Oh, I also forgot to mention that the “multi-millionaire” being flogged by Measure Z opponents is also an Alameda resident.


  1. I’m retired and I support Measure Z. Is someone going to criticize me for supporting Measure Z despite the fact that I am no longer working at all?

    Comment by Jon Spangler — September 14, 2020 @ 8:12 am

  2. Lauren, I’m in agreement with you that there seems to be a disconnect between anti Measure Z voters and what’s happening on the ground in our business parks.

    And you are correct to remind voters why we lost VF Outdoors to Denver – because the lack of housing. They also mentioned that they were seeking a “business climate that encourages innovation and collaboration”.

    The disconnect is that employers view cities that are anti-housing, and anti-growth – to be cities that do not encourage innovation and collaboration. Folks, innovation and growth is the future!

    Let this loss be a lesson learned:

    Thank goodness, we have a Mayor who understands this, and is leading our city in the right direction. And thank goodness, we have companies like Penumbra who is willing to speak out on this very important issue.

    And finally thank goodness, for City Staff who has helped keep Alameda on the leading edge. The approved transportation and infrastructure improvements in the pipeline, and the amendments to the general plan will lay the groundwork for a great future for Alameda!

    Comment by Karen Bey — September 14, 2020 @ 9:50 am

  3. Looks like that CEO would be the victim (I mean the subject ) of Rob Bonta’s wealth tax which would tax 30,500 California taxpayers at least $40,000 more each per year and if they dare to move to Texas, tax them for the next ten years, too.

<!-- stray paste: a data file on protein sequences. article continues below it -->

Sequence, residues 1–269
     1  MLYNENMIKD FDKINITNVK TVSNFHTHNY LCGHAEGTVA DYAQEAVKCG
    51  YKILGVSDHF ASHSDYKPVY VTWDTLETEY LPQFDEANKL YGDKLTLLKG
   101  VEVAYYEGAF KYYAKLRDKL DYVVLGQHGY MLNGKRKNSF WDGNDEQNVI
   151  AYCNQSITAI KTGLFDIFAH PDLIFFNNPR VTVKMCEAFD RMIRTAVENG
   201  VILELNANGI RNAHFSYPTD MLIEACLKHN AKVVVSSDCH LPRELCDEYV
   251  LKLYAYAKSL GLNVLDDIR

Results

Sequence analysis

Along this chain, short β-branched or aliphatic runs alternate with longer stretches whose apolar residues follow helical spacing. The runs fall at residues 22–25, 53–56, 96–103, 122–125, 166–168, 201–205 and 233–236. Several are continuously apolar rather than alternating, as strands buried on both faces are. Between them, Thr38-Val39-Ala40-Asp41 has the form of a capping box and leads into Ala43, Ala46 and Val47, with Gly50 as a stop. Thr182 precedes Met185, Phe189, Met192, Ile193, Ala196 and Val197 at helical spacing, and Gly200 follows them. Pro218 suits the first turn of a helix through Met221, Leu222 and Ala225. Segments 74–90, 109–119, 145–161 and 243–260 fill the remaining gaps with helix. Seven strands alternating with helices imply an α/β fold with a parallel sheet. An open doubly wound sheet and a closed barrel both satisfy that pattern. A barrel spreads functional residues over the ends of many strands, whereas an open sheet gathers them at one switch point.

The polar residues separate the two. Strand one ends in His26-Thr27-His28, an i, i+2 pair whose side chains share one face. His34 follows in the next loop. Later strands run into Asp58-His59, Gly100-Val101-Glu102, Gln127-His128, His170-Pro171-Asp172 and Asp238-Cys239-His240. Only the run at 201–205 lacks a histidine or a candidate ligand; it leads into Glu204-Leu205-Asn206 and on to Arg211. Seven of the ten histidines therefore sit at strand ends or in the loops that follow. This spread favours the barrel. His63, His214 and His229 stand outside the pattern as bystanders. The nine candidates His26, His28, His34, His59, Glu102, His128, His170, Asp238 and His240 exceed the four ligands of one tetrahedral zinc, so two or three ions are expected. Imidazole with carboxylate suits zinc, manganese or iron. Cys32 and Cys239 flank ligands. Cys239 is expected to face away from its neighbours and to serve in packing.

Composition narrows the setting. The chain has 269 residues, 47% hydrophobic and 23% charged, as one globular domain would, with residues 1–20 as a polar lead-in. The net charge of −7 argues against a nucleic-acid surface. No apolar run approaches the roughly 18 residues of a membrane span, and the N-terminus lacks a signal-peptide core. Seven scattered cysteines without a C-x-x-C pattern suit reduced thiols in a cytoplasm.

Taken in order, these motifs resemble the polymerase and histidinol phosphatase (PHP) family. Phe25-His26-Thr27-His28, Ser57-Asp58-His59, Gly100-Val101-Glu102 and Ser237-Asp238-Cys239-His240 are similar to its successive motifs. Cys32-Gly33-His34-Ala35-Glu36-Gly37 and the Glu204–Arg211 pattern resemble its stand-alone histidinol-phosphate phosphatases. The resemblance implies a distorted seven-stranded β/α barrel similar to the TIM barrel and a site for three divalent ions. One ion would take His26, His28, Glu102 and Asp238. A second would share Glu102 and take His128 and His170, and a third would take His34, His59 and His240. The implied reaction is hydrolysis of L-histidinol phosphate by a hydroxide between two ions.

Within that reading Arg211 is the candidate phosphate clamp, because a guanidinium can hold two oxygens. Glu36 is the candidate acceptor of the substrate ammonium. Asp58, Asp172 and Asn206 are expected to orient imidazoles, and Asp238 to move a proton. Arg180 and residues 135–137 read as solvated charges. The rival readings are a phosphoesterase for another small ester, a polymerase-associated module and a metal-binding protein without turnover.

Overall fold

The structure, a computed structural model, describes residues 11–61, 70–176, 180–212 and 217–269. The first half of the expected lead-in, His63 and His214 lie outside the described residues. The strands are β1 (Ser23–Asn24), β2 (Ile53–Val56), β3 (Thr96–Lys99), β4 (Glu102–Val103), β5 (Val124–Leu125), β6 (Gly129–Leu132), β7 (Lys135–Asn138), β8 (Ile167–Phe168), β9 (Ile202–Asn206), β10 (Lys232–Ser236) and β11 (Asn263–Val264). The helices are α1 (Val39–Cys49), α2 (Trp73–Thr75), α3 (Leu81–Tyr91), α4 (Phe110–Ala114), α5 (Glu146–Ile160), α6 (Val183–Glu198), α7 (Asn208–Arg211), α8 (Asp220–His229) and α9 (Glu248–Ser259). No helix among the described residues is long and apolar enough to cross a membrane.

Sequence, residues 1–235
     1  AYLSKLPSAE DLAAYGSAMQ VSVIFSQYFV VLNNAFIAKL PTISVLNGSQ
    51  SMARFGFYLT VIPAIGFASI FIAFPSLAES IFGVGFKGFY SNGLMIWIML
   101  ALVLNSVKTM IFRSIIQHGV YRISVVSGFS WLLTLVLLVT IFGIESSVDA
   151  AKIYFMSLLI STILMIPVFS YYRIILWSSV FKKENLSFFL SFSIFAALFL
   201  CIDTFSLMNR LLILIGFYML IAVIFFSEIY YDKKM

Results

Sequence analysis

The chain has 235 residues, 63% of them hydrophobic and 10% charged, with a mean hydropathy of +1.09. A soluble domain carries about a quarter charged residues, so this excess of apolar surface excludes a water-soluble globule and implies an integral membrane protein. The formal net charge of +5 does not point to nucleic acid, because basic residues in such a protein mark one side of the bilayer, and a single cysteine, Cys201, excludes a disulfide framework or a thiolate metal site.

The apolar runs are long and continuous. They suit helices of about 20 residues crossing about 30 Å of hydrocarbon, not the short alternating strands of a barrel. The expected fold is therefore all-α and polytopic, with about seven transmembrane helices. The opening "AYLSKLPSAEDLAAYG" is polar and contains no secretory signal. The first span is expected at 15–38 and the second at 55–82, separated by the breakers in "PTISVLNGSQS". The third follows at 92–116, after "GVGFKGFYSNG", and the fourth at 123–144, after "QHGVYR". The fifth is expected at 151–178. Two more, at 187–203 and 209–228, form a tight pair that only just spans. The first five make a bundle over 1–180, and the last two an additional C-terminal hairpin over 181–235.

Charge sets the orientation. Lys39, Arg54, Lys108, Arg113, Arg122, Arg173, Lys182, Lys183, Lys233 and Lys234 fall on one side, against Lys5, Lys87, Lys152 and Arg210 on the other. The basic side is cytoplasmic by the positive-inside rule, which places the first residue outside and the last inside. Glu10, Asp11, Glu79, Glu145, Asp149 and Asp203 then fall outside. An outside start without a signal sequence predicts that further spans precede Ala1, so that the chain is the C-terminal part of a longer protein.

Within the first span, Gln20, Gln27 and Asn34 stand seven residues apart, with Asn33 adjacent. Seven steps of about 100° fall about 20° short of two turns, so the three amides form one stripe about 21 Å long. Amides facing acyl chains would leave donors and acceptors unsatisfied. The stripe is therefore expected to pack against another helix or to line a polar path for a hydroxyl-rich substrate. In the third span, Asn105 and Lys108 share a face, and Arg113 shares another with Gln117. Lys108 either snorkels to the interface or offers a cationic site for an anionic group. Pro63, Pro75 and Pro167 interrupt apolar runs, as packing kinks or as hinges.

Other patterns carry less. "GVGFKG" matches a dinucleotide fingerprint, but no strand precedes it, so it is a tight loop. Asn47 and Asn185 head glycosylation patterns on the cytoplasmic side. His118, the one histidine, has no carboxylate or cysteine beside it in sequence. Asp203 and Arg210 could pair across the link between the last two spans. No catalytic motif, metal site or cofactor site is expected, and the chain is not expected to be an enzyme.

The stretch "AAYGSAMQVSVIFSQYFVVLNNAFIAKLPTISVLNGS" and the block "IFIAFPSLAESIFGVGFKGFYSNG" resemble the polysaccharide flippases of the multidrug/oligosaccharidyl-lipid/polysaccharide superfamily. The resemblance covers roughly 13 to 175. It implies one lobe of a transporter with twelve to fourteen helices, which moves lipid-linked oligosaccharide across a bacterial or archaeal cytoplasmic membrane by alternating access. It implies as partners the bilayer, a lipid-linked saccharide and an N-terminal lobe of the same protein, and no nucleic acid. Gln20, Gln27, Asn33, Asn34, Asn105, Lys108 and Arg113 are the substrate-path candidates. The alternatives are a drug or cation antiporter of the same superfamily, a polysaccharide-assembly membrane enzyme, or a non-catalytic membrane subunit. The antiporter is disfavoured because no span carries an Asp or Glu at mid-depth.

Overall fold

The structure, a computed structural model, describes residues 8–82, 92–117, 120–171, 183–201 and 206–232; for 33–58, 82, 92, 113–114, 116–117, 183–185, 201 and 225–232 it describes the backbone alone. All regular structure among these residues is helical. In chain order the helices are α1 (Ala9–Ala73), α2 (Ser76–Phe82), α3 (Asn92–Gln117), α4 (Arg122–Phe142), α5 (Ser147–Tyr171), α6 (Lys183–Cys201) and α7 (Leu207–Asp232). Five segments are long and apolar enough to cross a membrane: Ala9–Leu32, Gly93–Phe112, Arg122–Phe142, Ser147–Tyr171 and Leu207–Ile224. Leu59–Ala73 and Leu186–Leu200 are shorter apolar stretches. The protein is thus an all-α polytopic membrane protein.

Penumbra employs 2700 employees and their CEO, who “endorsed” Z, sold a lot of stock recently- enough to get flagged by investor watchdog groups:

    CEO Recent Trades:

    CEO and President Adam Elsesser sold 8,000 shares of PEN stock on 08/11/2020 at the average price of $232.15. The price of the stock has increased by 2.83% since.($1.85 M)

    Comment by Nowyouknow — September 14, 2020 @ 11:50 am

    • Way to conjure up vaporous conspiratorial nonsense. Stating large stock movements isn’t “getting flagged by investor watchdog groups.” And he sold shares before the price went up by 2.83%, missing out on gain of $1.85M. Think what you’re saying.

      Comment by JRB — September 14, 2020 @ 1:07 pm

      • Nope. Two clicks and you could find it. You know little about the market. CEO (Insider) stock sales are scheduled in advance. Savvy investors read the signs…

        Comment by Nowyouknow — September 14, 2020 @ 5:55 pm

        • Okay, but maybe you should read what you wrote again.

          Comment by JRB — September 15, 2020 @ 8:11 am

    • You folks who don’t know the difference between gross proceeds and gains are warmly invited to my next card game.

      Comment by dave — September 14, 2020 @ 6:11 pm